* Euro/dollar rises to highest since April 2012 on Draghi comments
* Yen weak after Abe pushes BOJ to ease policy
NEW YORK, Jan 11 (Reuters) - The euro rose to its highest since April 2012 against the dollar on Friday with investors continuing to trade on the absence of any hints as to future euro zone interest rate cuts from European Central Bank President Mario Draghi on Thursday.
The euro's 0.7 percent gain on Friday added to the 1.6 percent advance on Thursday, its biggest daily gain in five months, after Draghi squashed expectations that the ECB may prepare the groundwork for rate cuts in the near term. . Draghi spoke after the ECB left the benchmark rate unchanged at 0.75 percent.
While U.S. data had marginal impact on trading it did not hinder appetite for risk.
The U.S. trade deficit unexpectedly grew in November exerting a drag on economic growth, although the gap's widening was driven by a surge in consumer goods imports, which gives a positive signal for consumer spending.
"The month to month gyrations in the trade balance are beside the economic point," said Joseph Trevisani, chief market strategist at WorldWideMarkets, Woodcliff Lake in New Jersey. "The trend and any potential improvement in the trade deficit depend on the American consumer and the price of oil. Neither shows any sign of moderation."
The euro rose as high as $1.3364, using Reuters data, and last traded at $1.3357. Some US$4 billion in euros changed hands using Reuters Dealing data through the global session .
The euro's ascent helped it to a four-month high against the Swiss franc of 1.2180 francs.
The euro also rose as high as 119.22 yen touching its highest level since May 2011.
The market's focus, with the ECB meeting concluded, remains the yen as investors continued to debate whether the advance in the U.S. currency to a 2 1/2-year high was too far, too fast given the outlook for further easing by the Bank of Japan.
Analysts said such dips in dollar/yen were only temporary, with the overall trend of yen weakness intact. Some expect to see the dollar well above 90 yen in coming months.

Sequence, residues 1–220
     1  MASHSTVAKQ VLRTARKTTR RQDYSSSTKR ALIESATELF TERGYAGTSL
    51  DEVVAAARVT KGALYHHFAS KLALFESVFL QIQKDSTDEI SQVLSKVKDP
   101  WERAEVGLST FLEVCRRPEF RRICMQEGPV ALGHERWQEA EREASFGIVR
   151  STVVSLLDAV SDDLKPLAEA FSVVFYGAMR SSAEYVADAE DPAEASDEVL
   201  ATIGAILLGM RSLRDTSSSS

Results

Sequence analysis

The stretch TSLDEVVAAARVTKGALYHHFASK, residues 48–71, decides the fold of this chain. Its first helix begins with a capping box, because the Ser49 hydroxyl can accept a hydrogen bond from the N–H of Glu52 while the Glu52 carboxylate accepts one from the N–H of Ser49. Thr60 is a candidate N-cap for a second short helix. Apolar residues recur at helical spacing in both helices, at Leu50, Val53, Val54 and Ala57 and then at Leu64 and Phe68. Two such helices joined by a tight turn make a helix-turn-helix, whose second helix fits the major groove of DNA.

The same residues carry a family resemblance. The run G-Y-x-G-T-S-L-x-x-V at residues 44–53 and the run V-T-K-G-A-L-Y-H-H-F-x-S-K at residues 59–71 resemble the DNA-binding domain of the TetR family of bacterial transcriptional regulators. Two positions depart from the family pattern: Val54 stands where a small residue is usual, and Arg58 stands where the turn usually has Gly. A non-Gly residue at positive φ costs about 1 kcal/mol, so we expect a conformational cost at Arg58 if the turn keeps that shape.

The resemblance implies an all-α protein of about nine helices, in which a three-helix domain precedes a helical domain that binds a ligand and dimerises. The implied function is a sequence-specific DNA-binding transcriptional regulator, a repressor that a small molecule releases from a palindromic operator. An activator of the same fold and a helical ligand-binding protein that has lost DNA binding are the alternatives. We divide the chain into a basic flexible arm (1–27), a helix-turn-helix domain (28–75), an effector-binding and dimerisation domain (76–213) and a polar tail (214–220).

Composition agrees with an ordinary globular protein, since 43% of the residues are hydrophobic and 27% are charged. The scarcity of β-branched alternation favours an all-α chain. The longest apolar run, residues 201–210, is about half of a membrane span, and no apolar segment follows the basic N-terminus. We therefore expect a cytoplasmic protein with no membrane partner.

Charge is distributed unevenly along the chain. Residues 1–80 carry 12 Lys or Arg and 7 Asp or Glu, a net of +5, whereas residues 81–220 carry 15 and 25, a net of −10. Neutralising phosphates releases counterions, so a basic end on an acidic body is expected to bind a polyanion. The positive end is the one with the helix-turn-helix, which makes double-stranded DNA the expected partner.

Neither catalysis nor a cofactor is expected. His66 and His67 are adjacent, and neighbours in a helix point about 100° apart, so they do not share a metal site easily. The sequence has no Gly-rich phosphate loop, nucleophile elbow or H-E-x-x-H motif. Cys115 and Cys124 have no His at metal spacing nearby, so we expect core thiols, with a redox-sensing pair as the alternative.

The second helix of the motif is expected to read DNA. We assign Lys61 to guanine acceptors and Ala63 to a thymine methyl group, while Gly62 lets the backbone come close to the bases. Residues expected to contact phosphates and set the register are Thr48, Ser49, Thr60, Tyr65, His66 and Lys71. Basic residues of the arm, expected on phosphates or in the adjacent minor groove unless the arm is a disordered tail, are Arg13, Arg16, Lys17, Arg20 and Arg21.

The dollar had risen as high as 89.34 yen earlier on Friday, according to Reuters data, its strongest since June 2010, after Japanese Prime Minister Shinzo Abe's government approved a $117 billion fiscal stimulus package, its largest since the financial crisis. It was last at 89.21 yen, up 0.5 percent.
Abe also said the Bank of Japan should consider adding employment to its existing mandate of price stability.
Ian Stannard, head of European FX strategy at Morgan Stanley in London said the pullbacks in dollar/yen have been very shallow and this underlines the strength of this trend.
"The pace of increase not just (in dollar/yen) but also the pace of policy reforms in Japan is exceeding market expectations," said Stannard.
"As a result we have raised our forecast even further ... looking for dollar/yen to move towards the 95 level by the end of this quarter."
Data showing Japan's first current account deficit in 10 months also put pressure on the yen. The deficit of 222.4 billion yen ($2.5 billion) in November was far larger than the 3.5 billion yen ($39 million) deficit forecast.
The yen has been sinking since November on speculation the BOJ could ease policy further. Analysts expect the BOJ to adopt an explicit 2 percent inflation target at its policy meeting on Jan. 21-22, to fall in line with the aims of the government.
The risk is that the BOJ fails to ease as aggressively as expected which could push the dollar/yen lower.
Against the yen, the dollar has risen around 1.2 percent during this week, while the euro has risen around 2.2 percent. Analysts said the current weakness in the yen is likely to persist.